We were shown such hospitality in Krakow. We kept our hostel staff up at all hours of the night. We were fed meal after meal. To receive great charity and generosity is humbling, especially when we lack the chance to return it. But through our thoughtful hosts, I experienced the generosity of God.

Still, I desire to practice that same hospitality I received. In a way like never before, I am relishing in the chance to open my doors to new friends, to prepare meals and plan get-togethers and listen well. Let us extend that same hospitality we benefitted from, and find ways to reach out, to welcome, to make our homes a source of life for others.

6. Show mercy.

It was no accident that World Youth Day occurred during the Year of Mercy in a place of such mercy, the home of St. John Paul II and St. Faustina. Again and again Pope Francis called us to accept, share, trust in, the mercy of God.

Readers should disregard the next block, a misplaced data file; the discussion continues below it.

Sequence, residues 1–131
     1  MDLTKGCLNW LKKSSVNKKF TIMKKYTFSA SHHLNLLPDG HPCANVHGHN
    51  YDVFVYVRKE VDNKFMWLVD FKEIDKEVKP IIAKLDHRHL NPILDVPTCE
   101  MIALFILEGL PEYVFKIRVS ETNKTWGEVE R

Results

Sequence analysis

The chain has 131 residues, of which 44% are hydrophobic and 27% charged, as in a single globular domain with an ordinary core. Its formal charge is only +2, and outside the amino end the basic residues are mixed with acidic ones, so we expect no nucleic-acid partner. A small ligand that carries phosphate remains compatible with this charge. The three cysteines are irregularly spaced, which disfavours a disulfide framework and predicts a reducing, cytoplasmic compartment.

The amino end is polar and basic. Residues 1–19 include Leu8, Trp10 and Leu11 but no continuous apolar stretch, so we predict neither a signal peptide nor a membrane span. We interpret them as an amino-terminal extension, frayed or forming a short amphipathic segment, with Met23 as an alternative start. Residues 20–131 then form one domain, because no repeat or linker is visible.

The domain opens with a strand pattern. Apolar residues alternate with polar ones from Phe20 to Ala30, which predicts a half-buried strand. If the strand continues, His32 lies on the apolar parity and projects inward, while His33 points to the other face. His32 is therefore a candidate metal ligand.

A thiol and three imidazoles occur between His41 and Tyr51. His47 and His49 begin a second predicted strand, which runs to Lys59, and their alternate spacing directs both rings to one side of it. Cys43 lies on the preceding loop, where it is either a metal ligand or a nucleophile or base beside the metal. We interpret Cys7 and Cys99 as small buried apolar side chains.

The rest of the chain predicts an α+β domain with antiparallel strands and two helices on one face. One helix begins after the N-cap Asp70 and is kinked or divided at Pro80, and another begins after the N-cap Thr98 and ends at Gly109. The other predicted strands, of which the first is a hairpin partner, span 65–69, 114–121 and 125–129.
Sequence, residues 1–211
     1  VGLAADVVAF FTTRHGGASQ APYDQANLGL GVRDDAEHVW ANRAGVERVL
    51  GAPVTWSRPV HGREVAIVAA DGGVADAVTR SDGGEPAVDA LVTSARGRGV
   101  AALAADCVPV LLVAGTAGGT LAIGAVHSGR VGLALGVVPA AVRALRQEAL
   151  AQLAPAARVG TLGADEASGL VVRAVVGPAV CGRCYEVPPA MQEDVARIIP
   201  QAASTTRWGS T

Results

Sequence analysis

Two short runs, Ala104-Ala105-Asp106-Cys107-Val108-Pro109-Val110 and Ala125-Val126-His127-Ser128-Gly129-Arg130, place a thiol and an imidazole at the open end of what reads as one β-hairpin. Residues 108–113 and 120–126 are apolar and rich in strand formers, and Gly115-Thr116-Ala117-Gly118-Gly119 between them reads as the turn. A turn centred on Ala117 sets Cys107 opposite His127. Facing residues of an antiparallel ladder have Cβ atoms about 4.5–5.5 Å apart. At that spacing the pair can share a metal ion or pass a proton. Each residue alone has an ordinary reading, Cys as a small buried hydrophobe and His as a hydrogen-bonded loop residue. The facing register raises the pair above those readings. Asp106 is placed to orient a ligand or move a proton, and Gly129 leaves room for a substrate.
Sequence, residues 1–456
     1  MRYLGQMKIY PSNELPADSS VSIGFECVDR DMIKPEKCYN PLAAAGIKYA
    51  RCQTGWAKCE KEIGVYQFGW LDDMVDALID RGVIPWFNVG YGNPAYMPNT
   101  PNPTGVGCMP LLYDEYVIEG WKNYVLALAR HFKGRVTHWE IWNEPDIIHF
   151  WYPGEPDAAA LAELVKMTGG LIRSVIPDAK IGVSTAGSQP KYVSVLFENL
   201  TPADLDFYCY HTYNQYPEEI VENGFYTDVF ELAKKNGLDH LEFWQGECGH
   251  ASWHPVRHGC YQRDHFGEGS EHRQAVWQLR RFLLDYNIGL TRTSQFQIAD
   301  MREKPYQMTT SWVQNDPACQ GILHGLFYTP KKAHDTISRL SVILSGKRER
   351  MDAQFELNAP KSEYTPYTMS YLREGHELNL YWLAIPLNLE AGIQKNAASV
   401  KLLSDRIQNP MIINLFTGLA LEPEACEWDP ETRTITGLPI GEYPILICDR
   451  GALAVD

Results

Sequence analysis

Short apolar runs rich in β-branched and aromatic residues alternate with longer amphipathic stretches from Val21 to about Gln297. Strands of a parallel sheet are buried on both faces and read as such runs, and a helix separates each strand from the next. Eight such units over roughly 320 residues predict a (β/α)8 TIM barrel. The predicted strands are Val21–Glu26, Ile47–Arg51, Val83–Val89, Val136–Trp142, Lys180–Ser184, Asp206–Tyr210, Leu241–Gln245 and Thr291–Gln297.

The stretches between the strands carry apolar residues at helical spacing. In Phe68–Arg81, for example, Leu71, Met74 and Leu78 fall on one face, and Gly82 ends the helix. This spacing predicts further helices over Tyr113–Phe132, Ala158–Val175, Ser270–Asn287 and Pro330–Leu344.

We are still called to welcome that message of mercy today. How easily I forget that it begins in small, stubborn ways—in forgiving the driver that cuts me off, in holding my tongue when the tourists in front of me are walking too slowly, in taking out the trash without keeping score. Let us not forget the abundant mercy we have so undeservedly received, and look for ways to lavish it upon our neighbors.

7. Rest in the present.

At World Youth Day, God held me in the present. He prevented anxiety, distraction, the desire for control, from choking the goodness He had planned. I did nothing to deserve it, and I can only hope that that gift remains. There was a certain timelessness during that week, a blissful luxury in dwelling in the eternal now.